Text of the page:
TORONTO (Nov. 17) — Though it is always futile to compare eras in the National Hockey League, Jack Campbell has moved into unparalleled company among the best modern–era goalies for the Toronto Maple Leafs. Since replacing Frederik Andersen as the club’s No. 1 stopper last season, Campbell’s record — in 35 games — is an astonishing 26–6–3 for a .786 win–percentage. Which includes a 3–0 shutout of Nashville on Tuesday night. Both statistics are considerably better than the first 35 games recorded as a starter by the following Leafs goalies:
JOHNNY BOWER… 1959–60 16–12–7 .557
MIKE PALMATEER… 1976–77 20–12–3 .614
FELIX POTVIN… 1992–93 19–11–5 .614
CURTIS JOSEPH… 1998–99 18–12–5 .586
ED BELFOUR… 2002–03 20–12–3 .614
For the record, Bower won four Stanley Cup titles under Punch Imlach in the 1960’s. Palmateer, Potvin and Joseph are the only Leaf stoppers to play in the Stanley Cup semifinals since the club’s last championship, in 1967. And, Belfour was Toronto’s No. 1 goalie, under Pat Quinn, when the franchise recorded its first 100–point season (103 in 2003–04). That was also the season in which a Leafs netminder last recorded double–digits in shutouts: Belfour had 10. Campbell has three shutouts in his first 13 starts of the current schedule (Jacob Markstrom of Calgary leads with four). Going into Wednesday night’s games, Campbell topped all NHL goalies in average (1.68) and save–percentage (.943). He was tied for most wins (9) with Andersen (Carolina), John Gibson (Anaheim) and Mikko Koskinen (Edmonton). All Campbell lacks is a lengthy NHL resume. The blanking of the Predators, at Scotiabank Arena, marked only his 100th appearance in goal, having made his big–league debut with Dallas in 2013–14. Of utmost significance, of course, is that Smilin’ Jack has appeared in only seven playoff matches — those against Montreal in the first–round defeat last May. To begin cementing a true legacy, Campbell will need to backstop the Maple Leafs beyond the opening round for the first time since Belfour, in 2004. To this point of the 2021–22 schedule, however, Campbell is the best goalie in the NHL. And, the foremost reason that the Leafs have rebounded from a 2–4–1 stumble out of the gate to a 9–1–0 ascension in their past 10 games.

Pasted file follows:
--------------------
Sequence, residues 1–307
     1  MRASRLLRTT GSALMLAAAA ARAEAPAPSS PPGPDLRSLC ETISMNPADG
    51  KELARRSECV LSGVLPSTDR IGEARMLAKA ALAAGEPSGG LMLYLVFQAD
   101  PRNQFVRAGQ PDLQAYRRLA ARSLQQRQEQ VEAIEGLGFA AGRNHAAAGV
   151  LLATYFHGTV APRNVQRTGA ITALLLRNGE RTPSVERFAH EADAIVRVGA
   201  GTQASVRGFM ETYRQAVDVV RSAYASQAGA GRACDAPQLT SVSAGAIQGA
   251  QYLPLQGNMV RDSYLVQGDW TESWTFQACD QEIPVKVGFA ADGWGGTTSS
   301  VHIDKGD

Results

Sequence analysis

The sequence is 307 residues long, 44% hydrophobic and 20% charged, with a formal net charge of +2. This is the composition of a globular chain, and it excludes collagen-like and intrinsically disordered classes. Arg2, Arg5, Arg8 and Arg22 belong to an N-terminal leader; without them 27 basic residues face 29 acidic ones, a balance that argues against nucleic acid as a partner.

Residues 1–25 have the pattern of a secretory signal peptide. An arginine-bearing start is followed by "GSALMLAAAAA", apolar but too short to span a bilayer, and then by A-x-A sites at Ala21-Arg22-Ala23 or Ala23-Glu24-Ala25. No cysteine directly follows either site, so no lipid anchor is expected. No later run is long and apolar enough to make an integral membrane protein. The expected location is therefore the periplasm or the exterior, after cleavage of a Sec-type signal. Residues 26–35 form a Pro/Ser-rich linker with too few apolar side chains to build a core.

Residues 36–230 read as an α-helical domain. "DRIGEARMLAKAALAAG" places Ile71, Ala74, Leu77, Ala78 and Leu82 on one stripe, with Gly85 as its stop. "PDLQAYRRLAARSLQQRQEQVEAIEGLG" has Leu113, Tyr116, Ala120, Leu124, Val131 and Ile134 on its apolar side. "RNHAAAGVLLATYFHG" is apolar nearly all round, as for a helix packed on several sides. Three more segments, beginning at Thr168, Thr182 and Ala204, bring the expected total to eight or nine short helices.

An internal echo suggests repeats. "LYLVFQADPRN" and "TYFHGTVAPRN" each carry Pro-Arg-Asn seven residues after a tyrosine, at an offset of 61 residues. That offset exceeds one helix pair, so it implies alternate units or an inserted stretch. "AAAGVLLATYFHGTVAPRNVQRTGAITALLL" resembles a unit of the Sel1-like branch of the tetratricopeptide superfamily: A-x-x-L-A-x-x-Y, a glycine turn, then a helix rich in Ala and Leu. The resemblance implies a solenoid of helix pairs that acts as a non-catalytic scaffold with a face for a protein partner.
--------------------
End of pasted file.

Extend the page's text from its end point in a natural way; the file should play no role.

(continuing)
HONORING PHANEUF WAS OVER THE TOP
Though doing something nice for a good person never requires explanation, the pre–game ceremony honoring Dion Phaneuf’s career with the Maple Leafs was rather puzzling. Not necessarily from the team’s perspective; don’t be surprised if the Leafs offer a video tribute to Jared McCann when Seattle makes its first visit to SBA on Mar. 8 (in case you aren’t aware, McCann was a Leaf from July 17–21 of this year, after a trade with Pittsburgh and an expansion draft selection by the Kraken). With nothing to celebrate in Stanley Cup toil since ’04, the club has taken to feting ex players, knowing the home crowd would stand and applaud a rooster wearing blue and white. Several of those honored with video tributes and puck–drop ceremonies impacted the club rather minimally.
As, quite frankly, did Phaneuf.
Though he captained the Maple Leafs from February 2010 to November 2016, when dealt to Ottawa, the club appeared in the playoffs only once: after the 48–game schedule of January to April 2013 that followed an owners’ lockout. And, no Toronto hockey fan needs a reminder of how that opening–round series against Boston concluded. Otherwise, Phaneuf will be remembered as a very good teammate with a superb, if occasionally inaccurate, shot from the point (which the current team sorely lacks); an excellent open–ice body checker, yet a defenseman that made generally sloppy decisions with the puck and that oversaw the so–called “salute–gate” against Tampa Bay on Nov. 20, 2014 (the club did not raise sticks toward the fans at Air Canada Centre after a 5–2 victory, evidently sore over criticism from a 9–2 home–ice debacle, two nights earlier, against Nashville).
Above all else, and terribly underplayed by Leaf observers, was the manner in which Phaneuf, Phil Kessel and the entire team quit on interim coach Peter Horachek in the second half of that 2014–15 season. This occurred after Horachek, an assistant coach, replaced Randy Carlyle behind the bench. Though the Leafs put together a 10–1–1 hot streak under Carlyle between Nov. 20 and Dec. 16, they slumped to 2–8–0 in their next 10 matches. Carlyle was fired by general manager David Nonis after a 6–2 loss at home to Washington (Jan. 7). Toronto defeated Columbus, 5–2, in Horachek’s first game… and then packed it in for the season. The Leafs went 0–11–1 between Jan. 12 and Feb. 6 and prevailed only three times in regulation between Jan. 12 and Mar. 26, a span of 24 games.